Published online Aug 15, 2019. doi: 10.4239/wjd.v10.i8.421
Peer-review started: April 8, 2019
First decision: May 9, 2019
Revised: June 3, 2019
Accepted: July 20, 2019
Article in press: July 20, 2019
Published online: August 15, 2019
Bone fragility has been recognized as a complication of diabetes, both type 1 diabetes (T1D) and type 2 diabetes (T2D), whereas the relationship between prediabetes and fracture risk is less clear. Fractures can deeply impact a diabetic patient’s quality of life. However, the mechanisms underlying bone fragility in diabetes are complex and have not been fully elucidated. Patients with T1D generally exhibit low bone mineral density (BMD), although the relatively small reduction in BMD does not entirely explain the increase in fracture risk. On the contrary, patients with T2D or prediabetes have normal or even higher BMD as compared with healthy subjects. These observations suggest that factors other than bone mass may influence fracture risk. Some of these factors have been identified, including disease duration, poor glycemic control, presence of diabetes complications, and certain antidiabetic drugs. Nevertheless, currently available tools for the prediction of risk inadequately capture diabetic patients at increased risk of fracture. Aim of this review is to provide a comprehensive overview of bone health and the mechanisms responsible for increased susceptibility to fracture across the spectrum of glycemic status, spanning from insulin resistance to overt forms of diabetes. The management of bone fragility in diabetic patient is also discussed.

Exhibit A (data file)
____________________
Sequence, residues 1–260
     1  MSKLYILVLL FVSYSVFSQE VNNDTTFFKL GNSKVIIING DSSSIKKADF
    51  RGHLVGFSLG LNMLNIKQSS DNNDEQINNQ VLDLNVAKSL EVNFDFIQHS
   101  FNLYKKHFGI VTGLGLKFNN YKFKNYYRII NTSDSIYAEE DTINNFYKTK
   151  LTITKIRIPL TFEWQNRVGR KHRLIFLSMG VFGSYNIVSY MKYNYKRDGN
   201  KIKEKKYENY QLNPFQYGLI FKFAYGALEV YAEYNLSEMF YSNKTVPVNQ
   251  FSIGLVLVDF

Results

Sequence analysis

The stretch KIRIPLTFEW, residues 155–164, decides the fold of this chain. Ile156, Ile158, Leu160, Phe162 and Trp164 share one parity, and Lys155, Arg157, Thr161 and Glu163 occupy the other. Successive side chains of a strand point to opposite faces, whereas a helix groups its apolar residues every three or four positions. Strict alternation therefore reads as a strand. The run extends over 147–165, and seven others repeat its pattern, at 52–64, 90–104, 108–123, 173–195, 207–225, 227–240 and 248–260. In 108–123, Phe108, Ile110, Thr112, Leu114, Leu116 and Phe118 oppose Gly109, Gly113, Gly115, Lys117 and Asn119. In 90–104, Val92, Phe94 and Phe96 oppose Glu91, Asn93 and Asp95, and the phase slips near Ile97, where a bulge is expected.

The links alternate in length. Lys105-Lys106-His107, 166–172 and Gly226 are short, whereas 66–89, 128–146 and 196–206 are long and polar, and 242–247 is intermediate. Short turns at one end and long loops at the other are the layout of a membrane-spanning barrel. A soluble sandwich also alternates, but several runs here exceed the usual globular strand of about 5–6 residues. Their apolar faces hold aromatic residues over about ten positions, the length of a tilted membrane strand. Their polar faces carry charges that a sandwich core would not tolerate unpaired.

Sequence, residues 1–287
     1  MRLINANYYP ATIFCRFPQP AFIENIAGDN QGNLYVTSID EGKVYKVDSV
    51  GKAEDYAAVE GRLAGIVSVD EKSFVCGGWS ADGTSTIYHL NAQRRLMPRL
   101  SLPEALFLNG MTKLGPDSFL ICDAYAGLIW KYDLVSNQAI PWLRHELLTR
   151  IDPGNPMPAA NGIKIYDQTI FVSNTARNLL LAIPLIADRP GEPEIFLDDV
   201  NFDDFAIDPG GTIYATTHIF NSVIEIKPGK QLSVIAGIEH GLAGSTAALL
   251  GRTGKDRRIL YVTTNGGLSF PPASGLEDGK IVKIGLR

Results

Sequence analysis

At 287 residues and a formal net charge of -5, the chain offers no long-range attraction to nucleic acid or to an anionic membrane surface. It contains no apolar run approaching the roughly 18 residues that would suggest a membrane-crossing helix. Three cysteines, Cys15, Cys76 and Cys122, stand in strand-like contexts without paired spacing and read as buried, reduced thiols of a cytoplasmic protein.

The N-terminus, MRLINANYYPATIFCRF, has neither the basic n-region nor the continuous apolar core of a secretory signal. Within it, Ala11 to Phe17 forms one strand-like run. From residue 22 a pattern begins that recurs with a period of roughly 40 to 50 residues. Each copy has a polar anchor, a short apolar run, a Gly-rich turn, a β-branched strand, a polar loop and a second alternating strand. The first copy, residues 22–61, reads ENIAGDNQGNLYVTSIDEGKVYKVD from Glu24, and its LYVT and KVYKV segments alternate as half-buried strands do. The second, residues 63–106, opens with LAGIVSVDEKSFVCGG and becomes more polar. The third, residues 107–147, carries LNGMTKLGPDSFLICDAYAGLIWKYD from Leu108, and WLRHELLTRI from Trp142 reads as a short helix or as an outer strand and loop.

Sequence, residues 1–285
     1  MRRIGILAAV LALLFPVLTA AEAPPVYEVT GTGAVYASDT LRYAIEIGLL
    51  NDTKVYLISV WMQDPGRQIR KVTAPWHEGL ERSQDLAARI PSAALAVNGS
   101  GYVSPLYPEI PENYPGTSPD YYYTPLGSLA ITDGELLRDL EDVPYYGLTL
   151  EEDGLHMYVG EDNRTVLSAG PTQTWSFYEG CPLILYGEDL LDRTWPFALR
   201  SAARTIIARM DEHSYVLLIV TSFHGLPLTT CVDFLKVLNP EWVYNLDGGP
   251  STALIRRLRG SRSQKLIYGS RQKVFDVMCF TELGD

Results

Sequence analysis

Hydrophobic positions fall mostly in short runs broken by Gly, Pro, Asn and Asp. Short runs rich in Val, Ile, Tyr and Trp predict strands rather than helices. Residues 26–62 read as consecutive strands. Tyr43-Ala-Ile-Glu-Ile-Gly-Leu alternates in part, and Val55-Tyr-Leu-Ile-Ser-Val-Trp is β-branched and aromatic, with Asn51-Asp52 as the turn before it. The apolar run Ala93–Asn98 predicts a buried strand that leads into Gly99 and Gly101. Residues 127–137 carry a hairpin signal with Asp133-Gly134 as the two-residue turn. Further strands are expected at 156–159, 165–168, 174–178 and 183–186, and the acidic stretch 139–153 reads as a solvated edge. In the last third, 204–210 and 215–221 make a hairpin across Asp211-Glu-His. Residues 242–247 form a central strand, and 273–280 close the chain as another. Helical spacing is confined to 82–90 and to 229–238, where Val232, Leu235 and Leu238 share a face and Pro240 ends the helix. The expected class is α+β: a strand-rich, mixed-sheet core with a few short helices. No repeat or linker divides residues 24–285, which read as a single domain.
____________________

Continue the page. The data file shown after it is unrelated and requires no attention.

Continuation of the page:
Core tip: Diabetes mellitus, either type 1 or type 2, is associated with increased fracture risk. Diabetic hyperglycemia and insulin resistance underlie functional alterations of bone cells and bone marrow fat that affect several determinants of bone strength, including bone matrix proteins and bone mass, geometry and microarchitecture. Diabetes-related microvascular complications and certain antidiabetic drugs appear to further increase fracture risk, both directly and indirectly. The prevention and management of bone fragility in diabetes includes identification of patients at risk, correction of modifiable risk factors including appropriate choice of antidiabetic drugs and use of antifracture drugs with proven efficacy.